How does Imam Ali (a) recommend to deal with ‘post Sh Ramadhaan blues?’  [video here] One of the common phrases we hear after finishing a journey or interval from somewhere is ‘I have post holiday blues’. This is because after returning to normality or worse still, the rat race, we feel a low compared to the fervour and pace of what what before. We also hear this type of phrase of ‘post Ziyarat blues’ and ‘post Shahr Ramadaan blues’ for this same reason: So much enjoyment from the spirit and efforts of the month become replaced by a return to our daily grind and so we feel a disconnect or shortfall in our spirituality. Why does this occur and how do we navigate this? The Qur’an gives a clear reasoning for this low feeling. وَمَنْ أَعْرَضَ عَن ذِكْرِي فَإِنَّ لَهُ مَعِيشَةً ضَنكًا وَنَحْشُرُهُ يَوْمَ الْقِيَامَةِ أَعْمَىٰ “And whoever turns away from My remembrance, his shall live a depressed life, and We will raise him on the day of resurrection, blind” (20:124) In the context of the Month of Ramadaan, we build up so many good practises and God-consciousness by virtue of creating a new environment for ourselves personally and communally, that a return to what it was like previously will certainly leave a deficit. The verse gives both a worldly and next-worldly outcome of turning away from Allah swt’s reminders: In this world, one will live miserably but worse still in the next world be raised blind. The subsequent verses explain such a person will ask on the Day of Judgement قَالَ رَبِّ لِمَ حَشَرْتَنِي أَعْمَىٰ وَقَدْ كُنتُ بَصِيرًا “He shall say: My Lord! why hast Thou raised me blind and I was a seeing one indeed?” The reply enforces the warning of not turning away from Allah swat’s remembrance: قَالَ كَذَٰلِكَ أَتَتْكَ آيَاتُنَا فَنَسِيتَهَا وَكَذَٰلِكَ الْيَوْمَ تُنسَىٰ “He will say: Thus it is so, Our communications came to you but you had forsaken them; thus shall you be forsaken this day.” (20:125-126). Narrations indicate to the necessity of holding onto that environment that has been created and especially its people, those who will retain the good practises of the holy month such that you would too. Imam Ali (a) is narrated to have said, لا تَتَمَسَّكَنَّ بِمُدْبِر، ولا تُفارِقَنَّ مُقْبِلاً “Never hold on to one who turns back and do not separate from the one who moves forward.” This means that he who turns back into his normal practises, as he will feel those lows, one should not hold onto him as you will partake and absorb from him whilst those whom you find keep up their fervour, we are instructed not to separate from him. But Imam Ali (a) tells us to have a watchful, discerning eye stating, لَرُبَّما أقْبَلَ المُدْبِرُ، وأدْبَـرَ المُقْبِلُ “It may be that sometimes the one who turns back moves forward and the one who moves forward turns back”. In this occasion the one who turns back, means he who turns back to God such as through Tawbah. It may be that he regrets not maximising the blessed month and has vowed to improve thereafter while he who thinks he is moving forward may not be due to something corrupting his service such a pride or impatience. May Allah swt make us amongst those who uphold the accomplishments of the Month of Ramadhaan and allow us to witness it again next year.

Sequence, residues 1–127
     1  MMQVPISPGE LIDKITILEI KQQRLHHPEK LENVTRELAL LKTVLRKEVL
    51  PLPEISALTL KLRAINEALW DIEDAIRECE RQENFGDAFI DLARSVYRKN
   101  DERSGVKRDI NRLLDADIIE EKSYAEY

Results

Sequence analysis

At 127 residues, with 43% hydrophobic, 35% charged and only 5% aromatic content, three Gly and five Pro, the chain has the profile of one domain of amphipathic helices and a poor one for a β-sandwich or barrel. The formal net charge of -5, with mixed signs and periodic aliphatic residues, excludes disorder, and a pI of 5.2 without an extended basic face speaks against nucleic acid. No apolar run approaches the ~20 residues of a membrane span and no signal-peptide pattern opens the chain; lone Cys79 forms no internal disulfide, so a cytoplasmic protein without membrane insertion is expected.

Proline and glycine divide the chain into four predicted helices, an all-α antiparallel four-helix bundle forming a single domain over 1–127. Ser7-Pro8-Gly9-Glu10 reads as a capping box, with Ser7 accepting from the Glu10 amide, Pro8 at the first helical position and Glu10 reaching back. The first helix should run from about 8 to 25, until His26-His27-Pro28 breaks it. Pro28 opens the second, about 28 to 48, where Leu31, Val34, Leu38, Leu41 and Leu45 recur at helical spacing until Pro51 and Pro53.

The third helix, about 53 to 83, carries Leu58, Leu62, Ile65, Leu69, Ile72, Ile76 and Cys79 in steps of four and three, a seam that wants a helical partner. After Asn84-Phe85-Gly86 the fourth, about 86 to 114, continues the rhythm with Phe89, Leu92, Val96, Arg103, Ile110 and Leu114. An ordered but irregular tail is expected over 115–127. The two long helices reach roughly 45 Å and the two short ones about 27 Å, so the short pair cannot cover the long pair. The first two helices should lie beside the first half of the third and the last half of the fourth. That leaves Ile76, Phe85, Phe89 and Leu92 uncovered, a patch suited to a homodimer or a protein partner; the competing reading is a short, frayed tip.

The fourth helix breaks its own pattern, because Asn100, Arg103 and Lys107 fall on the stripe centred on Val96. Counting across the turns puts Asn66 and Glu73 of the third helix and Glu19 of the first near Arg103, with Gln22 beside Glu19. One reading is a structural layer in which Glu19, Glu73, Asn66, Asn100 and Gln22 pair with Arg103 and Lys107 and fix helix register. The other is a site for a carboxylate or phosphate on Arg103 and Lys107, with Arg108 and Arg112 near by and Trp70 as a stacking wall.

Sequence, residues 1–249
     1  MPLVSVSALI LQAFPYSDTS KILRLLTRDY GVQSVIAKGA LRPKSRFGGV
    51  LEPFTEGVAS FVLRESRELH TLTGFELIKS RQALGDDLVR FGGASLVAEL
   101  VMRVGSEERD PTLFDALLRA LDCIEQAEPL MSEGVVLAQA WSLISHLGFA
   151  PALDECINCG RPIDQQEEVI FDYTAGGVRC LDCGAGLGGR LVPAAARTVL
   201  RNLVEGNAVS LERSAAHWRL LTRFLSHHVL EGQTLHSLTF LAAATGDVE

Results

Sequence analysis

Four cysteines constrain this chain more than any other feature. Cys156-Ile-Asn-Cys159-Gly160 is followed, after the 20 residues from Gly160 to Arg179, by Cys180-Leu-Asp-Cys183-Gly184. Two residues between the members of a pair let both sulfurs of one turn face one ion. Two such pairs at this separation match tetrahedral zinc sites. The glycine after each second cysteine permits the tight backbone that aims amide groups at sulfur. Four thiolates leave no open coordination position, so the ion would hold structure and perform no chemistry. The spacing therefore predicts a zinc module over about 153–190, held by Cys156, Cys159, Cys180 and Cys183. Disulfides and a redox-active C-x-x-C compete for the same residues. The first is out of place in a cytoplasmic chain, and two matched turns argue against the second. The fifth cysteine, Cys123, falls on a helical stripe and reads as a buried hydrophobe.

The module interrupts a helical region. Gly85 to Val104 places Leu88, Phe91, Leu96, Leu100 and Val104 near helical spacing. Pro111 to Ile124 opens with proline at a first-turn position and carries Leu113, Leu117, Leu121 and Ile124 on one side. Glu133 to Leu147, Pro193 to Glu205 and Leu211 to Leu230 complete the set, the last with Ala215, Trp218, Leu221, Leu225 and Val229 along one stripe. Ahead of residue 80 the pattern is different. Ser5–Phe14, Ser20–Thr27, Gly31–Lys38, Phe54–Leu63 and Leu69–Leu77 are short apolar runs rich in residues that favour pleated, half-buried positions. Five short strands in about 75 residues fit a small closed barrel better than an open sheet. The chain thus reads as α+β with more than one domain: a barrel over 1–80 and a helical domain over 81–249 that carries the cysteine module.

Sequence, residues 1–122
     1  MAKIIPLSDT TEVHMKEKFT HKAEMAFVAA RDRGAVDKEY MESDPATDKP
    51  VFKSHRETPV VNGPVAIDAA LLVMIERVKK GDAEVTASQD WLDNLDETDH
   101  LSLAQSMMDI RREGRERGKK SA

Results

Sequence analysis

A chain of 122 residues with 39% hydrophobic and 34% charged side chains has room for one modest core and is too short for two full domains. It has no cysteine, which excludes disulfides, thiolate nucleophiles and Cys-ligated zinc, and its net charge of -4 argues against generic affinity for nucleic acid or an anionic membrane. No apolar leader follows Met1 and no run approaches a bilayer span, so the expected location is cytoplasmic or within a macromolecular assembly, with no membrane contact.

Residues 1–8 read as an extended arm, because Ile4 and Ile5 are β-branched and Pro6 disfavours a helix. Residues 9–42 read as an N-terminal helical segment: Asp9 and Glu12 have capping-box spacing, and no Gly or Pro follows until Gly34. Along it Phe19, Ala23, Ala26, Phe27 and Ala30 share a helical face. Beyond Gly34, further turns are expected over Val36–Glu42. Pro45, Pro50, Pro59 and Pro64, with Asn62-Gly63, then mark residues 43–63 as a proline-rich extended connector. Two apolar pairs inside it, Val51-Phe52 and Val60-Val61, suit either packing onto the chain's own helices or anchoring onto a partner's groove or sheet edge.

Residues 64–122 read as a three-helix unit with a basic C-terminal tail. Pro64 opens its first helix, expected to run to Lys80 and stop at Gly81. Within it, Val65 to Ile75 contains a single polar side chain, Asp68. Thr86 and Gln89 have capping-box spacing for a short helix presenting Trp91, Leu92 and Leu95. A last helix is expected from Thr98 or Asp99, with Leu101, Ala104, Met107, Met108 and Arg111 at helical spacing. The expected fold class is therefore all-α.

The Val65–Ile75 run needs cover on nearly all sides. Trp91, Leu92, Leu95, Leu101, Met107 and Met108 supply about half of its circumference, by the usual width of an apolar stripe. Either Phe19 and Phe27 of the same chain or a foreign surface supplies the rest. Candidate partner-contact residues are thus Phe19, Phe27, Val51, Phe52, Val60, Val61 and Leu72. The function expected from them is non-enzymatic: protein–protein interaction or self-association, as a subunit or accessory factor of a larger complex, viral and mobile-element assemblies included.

By: education